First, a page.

RCIA Education Videos
EACH OF THE FOLLOWING VIDEOS ARE APPROXIMATELY ONE HOUR
Ad Gentes, the Second Vatican Council’s Decree on the Church’s Missionary Activity, “re-awakened” the baptismal catechumenate. The Council’s vision for the catechumenate, “an apprenticeship of sufficient duration during which disciples will be joined to Christ their teacher” (Ad Gentes, 14), signaled a profound shift in the way the Church envisions Christian formation and catechesis. This webinar focuses on that generating vision for the RCIA, offers practical suggestions for weaving the apprenticeship model more fully into present initiation practice, provides a link between formation activity and mystagogical catechesis, and explores the implications of apprenticeship for all Catholic formation and catechesis.
Jerry Galipeau is Vice President and Chief Publishing Officer for the J.S. Paluch Company and World Library Publications. He has served as director of liturgy and music in parishes in Florida and Illinois. A past chairperson of the Board of the North American Forum on the Catechuemanate, Jerry has been a team member of the North American Forum on the Catechumenate since 1998. He presents workshops on initiation, music, and liturgy throughout the U.S. and Canada. His books include Apprenticed to Christ: Activities for Practicing the Catholic Way of Life and We Send You Forth: Dismissals for the RCIA.
The revised Missal has introduced not only a new translation but also new rubrics for liturgical celebrations such as the Easter Vigil. What exactly is different? How does it affect our celebration of the Vigil? How should catechists and liturgical planners continue to prepare for this central celebration of the liturgical year? Fr. Paul Turner is pastor of St. Anthony Parish in Kansas City, Missouri. A priest of the Diocese of Kansas City-St. Joseph, he holds a doctorate in sacred theology from Sant’ Anselmo in Rome. His publications include At the Supper of the Lamb (Liturgy Training Publications), Glory in the Cross (Liturgical Press), ML Bulletin Inserts (Resource Publications), and Celebrating Initiation: A Guide for Priests (World Library Publications). Paul serves as a facilitator for the International Commission on English in the Liturgy and is a team member of the North American Forum on the Catechumenate. A former President of the North American Academy of Liturgy, he is a member of Societas Liturgica and the Catholic Academy of Liturgy.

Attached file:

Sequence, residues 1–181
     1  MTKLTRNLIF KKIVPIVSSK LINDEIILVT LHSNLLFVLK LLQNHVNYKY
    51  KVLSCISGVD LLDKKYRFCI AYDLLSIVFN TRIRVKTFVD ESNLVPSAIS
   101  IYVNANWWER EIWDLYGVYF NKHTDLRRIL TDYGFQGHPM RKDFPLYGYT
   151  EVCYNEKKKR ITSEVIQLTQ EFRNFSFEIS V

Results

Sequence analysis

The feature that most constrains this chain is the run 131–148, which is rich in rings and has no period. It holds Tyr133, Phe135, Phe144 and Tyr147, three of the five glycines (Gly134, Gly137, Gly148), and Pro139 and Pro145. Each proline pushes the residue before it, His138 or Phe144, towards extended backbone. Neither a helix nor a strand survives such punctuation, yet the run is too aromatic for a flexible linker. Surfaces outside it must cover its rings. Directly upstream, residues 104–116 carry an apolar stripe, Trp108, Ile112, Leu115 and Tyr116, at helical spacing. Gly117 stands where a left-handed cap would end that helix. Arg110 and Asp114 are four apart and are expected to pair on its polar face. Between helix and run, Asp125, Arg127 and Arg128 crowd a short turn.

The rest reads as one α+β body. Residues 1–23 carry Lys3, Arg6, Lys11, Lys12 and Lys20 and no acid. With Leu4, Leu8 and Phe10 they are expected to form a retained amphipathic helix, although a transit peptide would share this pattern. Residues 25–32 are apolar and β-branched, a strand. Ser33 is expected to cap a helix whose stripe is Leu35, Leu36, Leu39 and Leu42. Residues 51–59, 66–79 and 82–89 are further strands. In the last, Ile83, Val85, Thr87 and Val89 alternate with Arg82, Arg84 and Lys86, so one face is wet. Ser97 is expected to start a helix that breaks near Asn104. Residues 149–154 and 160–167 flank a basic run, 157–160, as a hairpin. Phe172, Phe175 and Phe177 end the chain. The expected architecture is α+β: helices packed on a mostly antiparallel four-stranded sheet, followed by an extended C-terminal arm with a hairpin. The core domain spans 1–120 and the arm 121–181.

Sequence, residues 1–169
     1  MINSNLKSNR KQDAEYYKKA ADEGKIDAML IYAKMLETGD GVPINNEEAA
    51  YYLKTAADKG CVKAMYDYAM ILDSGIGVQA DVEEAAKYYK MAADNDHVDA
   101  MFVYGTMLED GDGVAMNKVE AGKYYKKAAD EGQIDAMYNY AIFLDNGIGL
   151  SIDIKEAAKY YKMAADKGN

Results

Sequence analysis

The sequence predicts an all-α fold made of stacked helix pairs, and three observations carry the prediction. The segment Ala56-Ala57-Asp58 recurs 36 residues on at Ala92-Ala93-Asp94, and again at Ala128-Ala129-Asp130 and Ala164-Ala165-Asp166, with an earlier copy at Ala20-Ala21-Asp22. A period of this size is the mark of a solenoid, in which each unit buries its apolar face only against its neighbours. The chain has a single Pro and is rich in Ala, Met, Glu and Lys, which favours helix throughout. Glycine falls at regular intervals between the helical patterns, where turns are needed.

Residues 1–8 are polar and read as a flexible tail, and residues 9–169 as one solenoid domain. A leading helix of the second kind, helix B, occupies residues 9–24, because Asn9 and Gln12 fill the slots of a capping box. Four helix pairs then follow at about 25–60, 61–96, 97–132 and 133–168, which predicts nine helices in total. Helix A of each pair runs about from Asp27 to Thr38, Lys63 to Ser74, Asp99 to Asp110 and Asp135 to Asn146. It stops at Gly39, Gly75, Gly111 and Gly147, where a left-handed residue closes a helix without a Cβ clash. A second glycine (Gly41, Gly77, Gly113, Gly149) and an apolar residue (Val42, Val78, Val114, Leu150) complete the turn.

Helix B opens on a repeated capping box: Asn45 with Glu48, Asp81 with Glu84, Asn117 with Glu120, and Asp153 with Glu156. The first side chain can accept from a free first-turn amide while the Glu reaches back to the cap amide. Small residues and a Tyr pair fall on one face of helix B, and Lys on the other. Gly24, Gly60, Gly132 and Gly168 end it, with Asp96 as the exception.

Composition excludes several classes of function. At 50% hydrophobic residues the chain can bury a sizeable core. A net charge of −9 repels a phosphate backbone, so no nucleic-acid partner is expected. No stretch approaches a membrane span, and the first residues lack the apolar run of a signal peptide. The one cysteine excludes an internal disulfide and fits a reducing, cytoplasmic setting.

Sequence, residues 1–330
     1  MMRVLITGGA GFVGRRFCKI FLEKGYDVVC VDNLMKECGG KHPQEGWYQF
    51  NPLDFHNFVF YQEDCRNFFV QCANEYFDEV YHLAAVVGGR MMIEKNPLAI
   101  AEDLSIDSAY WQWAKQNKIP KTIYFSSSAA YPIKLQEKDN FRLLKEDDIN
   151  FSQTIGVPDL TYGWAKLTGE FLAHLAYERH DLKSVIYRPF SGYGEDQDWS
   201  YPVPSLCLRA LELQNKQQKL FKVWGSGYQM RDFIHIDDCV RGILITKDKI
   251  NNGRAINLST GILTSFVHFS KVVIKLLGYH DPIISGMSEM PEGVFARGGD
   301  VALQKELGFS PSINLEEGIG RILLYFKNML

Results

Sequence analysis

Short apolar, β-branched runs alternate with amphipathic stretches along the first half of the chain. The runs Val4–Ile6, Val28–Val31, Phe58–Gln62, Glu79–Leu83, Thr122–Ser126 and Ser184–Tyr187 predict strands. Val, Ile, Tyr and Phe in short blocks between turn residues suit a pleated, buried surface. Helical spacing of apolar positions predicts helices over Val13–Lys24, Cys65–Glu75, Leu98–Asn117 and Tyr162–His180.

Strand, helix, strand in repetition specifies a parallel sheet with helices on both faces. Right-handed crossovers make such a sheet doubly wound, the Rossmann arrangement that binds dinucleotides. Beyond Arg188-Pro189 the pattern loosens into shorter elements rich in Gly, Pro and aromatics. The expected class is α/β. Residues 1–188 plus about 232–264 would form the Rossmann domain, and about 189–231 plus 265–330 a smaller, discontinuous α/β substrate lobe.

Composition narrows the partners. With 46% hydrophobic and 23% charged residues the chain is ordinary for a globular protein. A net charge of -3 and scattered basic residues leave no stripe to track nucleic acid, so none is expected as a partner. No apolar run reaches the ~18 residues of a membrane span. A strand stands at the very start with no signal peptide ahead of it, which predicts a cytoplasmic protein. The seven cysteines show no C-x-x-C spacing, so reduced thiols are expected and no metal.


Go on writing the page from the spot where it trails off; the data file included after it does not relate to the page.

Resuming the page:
“The people of God as represented by the local Church, should understand and show by their concern that the initiation of adults [and children] is the responsibility of all the baptized” (Rite of Christian Initiation of Adults, par. 9). This webinar explores ways to invite the members of the Sunday assembly to embrace their role in preparing inquirers, catechumens, and other newcomers for full participation in Sunday Eucharist. Suggestions for expanding the initiation team in this context are shared as well as ideas for their ongoing formation.
Catherine Ecker has over twenty-five years of experience as a catechist. A team member of the North American Forum on the Catechumenate, Catherine has done formation work throughout Canada. As parish catechist at a suburban parish with approximately 4000 households, she journeys with adults, children, and their families as they prepare to celebrate the sacraments of initiation. Since 1988, she has worked at the Archdiocesan level in Toronto in the areas of adult faith formation, lay liturgical formation, and Christian initiation. She presents at various diocesan and provincial gatherings on topics related to faith formation, initiation, and liturgical catechesis. Catherine is a sessional professor in Ottawa at St. Paul’s Summer Institute in Pastoral Liturgy and has written for the Canadian journal, Celebrate! She is coauthor of the Alive in the Spirit and Come Spirit of God confirmation program for parishes, published by Novalis and Liturgy Training Publications. She has a passion for our Church’s liturgy and liturgical catechesis.
Do you find initiation ministry with those in their late teens, twenties, and thirties inspiring? Frustrating? Probably a bit of both. Explore together the challenges and opportunities and how young adults can actually enliven and renew the way we implement the RCIA.
Michelle Miller has been involved in initiation ministry and ministry with young adults for nearly 20 years at the parish, university, and national levels. This has included ministry within U.S. Conference of Catholic Bishops (USCCB) and the U.S. National Catholic Young Adult Ministry Association.